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Keywords:

  • corticosterone;
  • epidermal growth factor;
  • galactosamine;
  • interleukin-6;
  • lipopolysaccharide;
  • perfused liver;
  • sialoadenectomy;
  • tumour necrosis factor-α

Abstract

Background: Submandibular salivary glands (SMGs) synthesize, accumulate and secrete a large amount of epidermal growth factor (EGF) in mice. It is known that surgical removal of SMG (sialoadenectomy) alters cell turnover in the liver and exacerbates liver injury induced by lipopolysaccharide/galactosamine (LPS/GalN).

Results: Here we show that such increased hepatotoxicity is not the consequence of the lack of EGF production from SMG. On the contrary, it appears to be the consequence of an inadequate cytokine production by the liver of sialoadenectomized mice. Thus, we found that the increase of plasma tumour necrosis factor-α and interleukin-6 was slower in sialoadenectomized than in sham-operated mice. This is because of a decreased rate of production of both cytokines by the liver. We found that the increase of plasma corticosterone (CS) concentration is lower in sialoadenectomized than that in sham-operated mice. Adrenalectomy exacerbated liver injury induced by LPS/GalN. In these animals, sialoadenectomy did not further increase the effect of LPS/GalN.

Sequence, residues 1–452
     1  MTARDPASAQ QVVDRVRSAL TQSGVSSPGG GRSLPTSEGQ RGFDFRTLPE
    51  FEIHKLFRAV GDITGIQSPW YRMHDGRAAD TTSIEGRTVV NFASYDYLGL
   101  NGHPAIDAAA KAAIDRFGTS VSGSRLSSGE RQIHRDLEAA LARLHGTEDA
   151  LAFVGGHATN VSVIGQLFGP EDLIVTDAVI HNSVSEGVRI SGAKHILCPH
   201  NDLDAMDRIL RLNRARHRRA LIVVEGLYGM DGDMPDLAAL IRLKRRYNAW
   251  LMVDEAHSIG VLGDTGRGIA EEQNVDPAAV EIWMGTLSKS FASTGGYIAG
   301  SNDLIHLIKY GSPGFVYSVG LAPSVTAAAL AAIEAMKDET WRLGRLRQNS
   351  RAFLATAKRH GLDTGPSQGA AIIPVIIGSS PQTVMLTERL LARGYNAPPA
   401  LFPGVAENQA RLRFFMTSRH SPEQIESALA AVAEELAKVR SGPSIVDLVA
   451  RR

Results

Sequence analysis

Conclusions: Our results suggest that the effect of sialoadenectomy on LPS/GalN-induced liver toxicity may be the consequence of an altered cytokine production by the liver and a reduced CS release from adrenal glands.